U.S. researchers Haomiao Jia (assistant professor of clinical biostatistics [nursing], at Columbia University, New York City) and Erica I. Lubetkin (assistant professor of medicine, at The City College of New York) wrote the summary of their research in the American Journal of Preventive Medicine (AJPM).
The title of their paper in the February 2010 issue of the journal is “Trends in Quality-Adjusted Life-Years Lost Contributed by Smoking and Obesity” (volume 38, issue 2, February 2010).
The two researchers analyzed data from the 1993-2008 Behavioral Risk Factor Surveiliance System (BRFSS), which is a study of over 3.5 million people based on annual interviews.
The questions asked by the BRFSS included those asking about Health-Related Quality of Life (HRQOL).
The HRQOL measures the effects of chronic illness with respect to its affect on a person’s dailylife. Questions include such factors as number of poor health days, overall physical health, and overall mental health.
The HRQOl provides leeway for the individual to state what he or she considers the particular reason for their particular health problem and to give specific reasons for their quality of life or lack of quality of life.
Page two continues.
The researchers specifically used the measurement quality-adjusted life year (QALY), within HRQOL, to provide a measure of the number of years left in a person’s life as estimated by the positive and negative health factors in that person’s life.
It is based on the number of years of life that would be added by intervention. The best possible score is 1.0 (perfect health) and the worst possible score is 0.0 (death).
The New York researchers used this data to analyze whether the lessening of a healthy life in these individuals and an increase in health related problems was due to smoking or obesity.
Within the 1-5-2010 ScienceDaily.com article Obesity Now Poses as Great a Threat to Quality of Life as Smoking, the authors conclude that “… obesity is now equal to, if not greater than, those lost due to smoking – both modifiable risk factors.”
Specifically, the article states, “As the US population becomes increasingly obese while smoking rates continue to decline, obesity has become an equal, if not greater, contributor to the burden of disease and shortening of healthy life in comparison to smoking.”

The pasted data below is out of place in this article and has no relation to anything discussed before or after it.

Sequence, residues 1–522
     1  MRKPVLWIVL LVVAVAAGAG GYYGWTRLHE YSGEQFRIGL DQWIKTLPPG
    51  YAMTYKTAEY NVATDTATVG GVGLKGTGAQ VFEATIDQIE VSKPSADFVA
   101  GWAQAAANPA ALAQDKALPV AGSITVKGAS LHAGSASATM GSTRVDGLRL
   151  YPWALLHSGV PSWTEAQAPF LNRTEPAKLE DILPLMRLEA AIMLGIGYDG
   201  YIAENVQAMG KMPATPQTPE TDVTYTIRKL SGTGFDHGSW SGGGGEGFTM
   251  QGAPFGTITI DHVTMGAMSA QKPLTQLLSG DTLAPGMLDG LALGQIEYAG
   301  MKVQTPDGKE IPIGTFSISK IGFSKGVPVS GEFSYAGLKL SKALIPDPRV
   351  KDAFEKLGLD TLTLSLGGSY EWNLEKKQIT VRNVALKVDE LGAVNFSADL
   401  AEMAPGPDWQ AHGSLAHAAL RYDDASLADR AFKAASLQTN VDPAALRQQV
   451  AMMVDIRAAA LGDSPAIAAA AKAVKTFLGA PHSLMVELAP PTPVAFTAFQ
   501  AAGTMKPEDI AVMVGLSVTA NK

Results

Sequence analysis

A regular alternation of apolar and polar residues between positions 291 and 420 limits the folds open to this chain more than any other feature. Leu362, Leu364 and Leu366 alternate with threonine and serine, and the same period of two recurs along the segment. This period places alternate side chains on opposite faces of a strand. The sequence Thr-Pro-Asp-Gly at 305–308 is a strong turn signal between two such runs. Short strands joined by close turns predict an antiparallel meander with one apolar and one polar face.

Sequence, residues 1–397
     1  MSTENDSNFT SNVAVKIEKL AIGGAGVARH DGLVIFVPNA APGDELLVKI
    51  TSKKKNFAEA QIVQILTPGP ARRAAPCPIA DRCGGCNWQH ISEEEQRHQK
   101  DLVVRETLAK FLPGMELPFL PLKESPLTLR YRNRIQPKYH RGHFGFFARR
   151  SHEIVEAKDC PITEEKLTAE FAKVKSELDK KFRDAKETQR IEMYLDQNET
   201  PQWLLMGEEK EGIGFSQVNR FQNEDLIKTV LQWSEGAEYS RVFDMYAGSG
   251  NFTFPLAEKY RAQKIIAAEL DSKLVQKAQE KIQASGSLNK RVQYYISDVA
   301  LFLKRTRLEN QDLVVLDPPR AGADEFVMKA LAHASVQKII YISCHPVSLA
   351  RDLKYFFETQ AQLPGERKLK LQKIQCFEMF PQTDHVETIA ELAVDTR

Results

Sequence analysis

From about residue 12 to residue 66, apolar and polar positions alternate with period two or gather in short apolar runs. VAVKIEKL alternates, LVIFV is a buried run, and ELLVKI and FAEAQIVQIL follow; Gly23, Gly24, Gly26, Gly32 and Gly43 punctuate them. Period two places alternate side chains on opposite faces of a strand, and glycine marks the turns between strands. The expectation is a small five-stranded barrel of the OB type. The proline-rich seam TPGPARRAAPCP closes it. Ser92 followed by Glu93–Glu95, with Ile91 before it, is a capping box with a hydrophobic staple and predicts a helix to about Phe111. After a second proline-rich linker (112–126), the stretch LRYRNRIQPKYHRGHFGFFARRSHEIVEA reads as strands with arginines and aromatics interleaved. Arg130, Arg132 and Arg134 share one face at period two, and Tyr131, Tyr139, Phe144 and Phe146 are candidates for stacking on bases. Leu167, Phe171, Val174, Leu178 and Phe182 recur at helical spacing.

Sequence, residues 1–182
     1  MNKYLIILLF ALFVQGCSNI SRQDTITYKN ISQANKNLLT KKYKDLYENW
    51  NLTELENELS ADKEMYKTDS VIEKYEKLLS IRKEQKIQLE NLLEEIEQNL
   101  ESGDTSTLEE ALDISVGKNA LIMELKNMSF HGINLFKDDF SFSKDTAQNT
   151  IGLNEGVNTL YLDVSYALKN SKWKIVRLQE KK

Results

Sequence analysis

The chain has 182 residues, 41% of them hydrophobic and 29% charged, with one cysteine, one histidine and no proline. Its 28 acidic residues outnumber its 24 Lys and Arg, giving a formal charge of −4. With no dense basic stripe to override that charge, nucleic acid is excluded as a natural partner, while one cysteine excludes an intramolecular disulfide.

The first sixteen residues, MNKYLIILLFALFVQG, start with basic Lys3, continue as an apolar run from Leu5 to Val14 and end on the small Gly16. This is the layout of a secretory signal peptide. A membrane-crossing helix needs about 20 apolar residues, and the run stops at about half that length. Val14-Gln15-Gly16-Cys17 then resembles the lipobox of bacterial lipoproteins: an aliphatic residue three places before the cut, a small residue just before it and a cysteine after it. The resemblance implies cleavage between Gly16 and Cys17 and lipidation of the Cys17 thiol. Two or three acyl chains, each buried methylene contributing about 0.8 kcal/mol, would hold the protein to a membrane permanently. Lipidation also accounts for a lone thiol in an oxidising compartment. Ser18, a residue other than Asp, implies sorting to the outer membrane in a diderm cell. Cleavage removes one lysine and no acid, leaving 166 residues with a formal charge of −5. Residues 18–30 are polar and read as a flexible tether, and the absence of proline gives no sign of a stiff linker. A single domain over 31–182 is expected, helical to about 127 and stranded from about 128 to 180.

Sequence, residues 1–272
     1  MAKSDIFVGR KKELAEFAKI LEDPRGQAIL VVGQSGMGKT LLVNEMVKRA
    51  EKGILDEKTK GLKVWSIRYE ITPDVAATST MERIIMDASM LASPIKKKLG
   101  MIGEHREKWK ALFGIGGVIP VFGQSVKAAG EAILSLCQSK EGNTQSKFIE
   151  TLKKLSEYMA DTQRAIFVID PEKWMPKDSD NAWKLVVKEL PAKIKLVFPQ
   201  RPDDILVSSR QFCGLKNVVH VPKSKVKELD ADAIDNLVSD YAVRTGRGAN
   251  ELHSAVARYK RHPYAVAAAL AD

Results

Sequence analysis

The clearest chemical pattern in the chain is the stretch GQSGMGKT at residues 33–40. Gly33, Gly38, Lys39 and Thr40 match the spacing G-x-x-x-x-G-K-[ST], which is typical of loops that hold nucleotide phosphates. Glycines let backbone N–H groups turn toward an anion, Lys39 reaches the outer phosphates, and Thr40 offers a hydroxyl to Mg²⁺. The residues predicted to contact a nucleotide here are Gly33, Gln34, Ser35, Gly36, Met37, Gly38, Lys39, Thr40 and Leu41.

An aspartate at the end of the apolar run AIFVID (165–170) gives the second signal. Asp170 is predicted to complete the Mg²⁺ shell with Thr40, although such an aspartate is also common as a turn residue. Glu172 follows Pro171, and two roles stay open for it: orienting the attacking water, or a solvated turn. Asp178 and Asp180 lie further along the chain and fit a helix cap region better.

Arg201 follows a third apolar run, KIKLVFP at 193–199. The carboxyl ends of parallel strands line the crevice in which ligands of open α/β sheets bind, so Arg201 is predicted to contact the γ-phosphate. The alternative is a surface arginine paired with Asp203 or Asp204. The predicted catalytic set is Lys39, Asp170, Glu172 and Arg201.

According to the authors, the percentage of adult smokers in the United States deceased 18.5% from 1993 to 2008.
Page three reveals the large percentage increase of obesity in the United States from 1993 to 2008. The percentage will not surprise you if you have been reading about obesity in the United States and all over the world for that past several years.
At this same time, the percentage of obesity in the United States increased by 85%.
However, for obese adults in the United States, the QALYs lost per population was 0.0464 at the end of this period (in 2008).
The QALYs for obesity was greater than the QALYs for smoking by only 0.0026. (Note: the lower the measure, the worse off of one’s health.)
Thus, the researchers specifically concluded that smoking “… had a bigger impact on deaths while obesity had a bigger impact on illness.”
Drs. Jia and Lubetkin, stated, “Although life expectancy and QALY have increased over time, the increase in the contribution of mortality to QALYs lost from obesity may result in a decline in future life expectancy."
"Such data are essential in setting targets for reducing modifiable health risks and eliminating health disparities." [ScienceDaily.com]
Learn more about the dangers of obesity and smoking at the MedicalNewsToday.com article "Obesity overtaking smoking as America's number one killer."
And, learn more about how smoking is decreasing but obesity is increasing in the United States and how the reduction in one (smoking) is being offset by the gains in the other (obesity).
Check out the CNN Health article "Decrease in smoking extends life span, but obesity may curb gains."